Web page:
I’ve always wanted to know what would happen if fairytale princesses were thrown in an arena where they have to fight to win the heart of the (usually) nameless Prince Charming. I guess the creators of Fables graphic novels can answer that for me; Once responds to this odd yearning from another perspective and just made a mishmash of every fairytale imaginable. Its creators Edward Kitsis and Adam Horowitz (of Lost and Tron: Legacy fame) managed to sew everything seamlessly and throw twists and turns into the mix.

OUAT5Not-so-Little Red Riding Hood, aka Ruby

Among the “minor” fairytales featured, their version of Little Red Riding Hood is one of my instant favorites. The story of our scarlet-clad heroine has been retold and re-imagined for God knows  how many times; when I was watching Once, I was clearly hoping they won’t butcher it just for the sake for deviating from the norm. I liked it a lot.


I’m growing fond of the show’s Belle, too. I’m initially drawn to her because of a handful of shallow reasons (like her accent and her curiously Disney-ish outfits, haha!) but Season 2’s progress is putting more “flesh” in her, and I love that. Character growth is one of the most important elements of a good story.

Rumplestiltskin aka Mr. Gold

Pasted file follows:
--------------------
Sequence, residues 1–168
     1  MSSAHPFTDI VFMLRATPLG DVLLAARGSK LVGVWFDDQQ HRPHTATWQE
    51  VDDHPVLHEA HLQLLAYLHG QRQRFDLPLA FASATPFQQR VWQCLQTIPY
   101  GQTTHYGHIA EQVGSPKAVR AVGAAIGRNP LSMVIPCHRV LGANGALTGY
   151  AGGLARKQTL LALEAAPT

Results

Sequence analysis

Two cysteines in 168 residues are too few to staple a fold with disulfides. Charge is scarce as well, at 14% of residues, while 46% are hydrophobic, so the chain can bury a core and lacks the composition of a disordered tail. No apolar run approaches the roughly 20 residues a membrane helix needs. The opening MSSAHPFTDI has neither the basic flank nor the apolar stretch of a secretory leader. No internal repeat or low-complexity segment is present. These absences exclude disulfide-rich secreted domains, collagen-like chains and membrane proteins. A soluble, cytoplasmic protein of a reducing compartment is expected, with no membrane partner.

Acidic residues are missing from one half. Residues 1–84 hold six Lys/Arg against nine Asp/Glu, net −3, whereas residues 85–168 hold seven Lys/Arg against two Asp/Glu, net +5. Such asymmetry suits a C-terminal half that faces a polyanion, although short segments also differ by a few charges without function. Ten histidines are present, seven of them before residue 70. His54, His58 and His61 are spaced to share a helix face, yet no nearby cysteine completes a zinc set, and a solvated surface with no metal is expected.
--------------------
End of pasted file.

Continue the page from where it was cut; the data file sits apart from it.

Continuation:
What would this show be without the villain/antihero? Perhaps he and Regina share the title when it comes to technicalities, but I just want to commend how he adds a filthy albeit flavorful tinge to the story. Expect that something intriguing will happen when he’s onscreen, whether he’s Rumple, Mr. Gold…or that kind man known as Baelfire’s father.

While I do admit to loving this series, I can’t say I do so without reservations. No show is perfect, after all. Once Upon a Time has its share of bad portions like (1) using a mediocre style of repeating one-liners to purportedly establish a connection with the “past” and “present,” and (2) those handfuls of episodes where they give us a back story of a character and then just throw loose ends away, not even attempting to make a follow-up to fully cement a character’s growth.

Be that as it may, I’m still smitten by it. I’ll continue watching it with the hopes that it will transcend its imperfections one episode at a time. Once Upon a Time has so much potential and I want to see it bloom. :)

Tuesday, November 6, 2012

Review: Missed Connections

Title: Missed Connections: Love, Lost and Found
Illustrator: Sophie Blackall
My Rating: ★★★★★ (5/5 stars)


A chance encounter with someone you think could be your soulmate holds an almost magical charm. If your mind lingers on it long enough, your imagination will start churning out what-could-have-beens, coupled with a wish that the other person is thinking of you too. All you could do is punctuate it with longing sighs…or perhaps you could cram an ellipsis on it instead by posting a “Missed Connection” online.

Missed connections often crackle with the electric current of romantic possibility, but they may also be a way to reconnect with an old friend, to look for a relative you’ve lost touch with, or just to express gratitude to a stranger. Whatever its purpose is, one thing is clear: there’s really no stopping the mushrooming of these cyber messages in the bottle.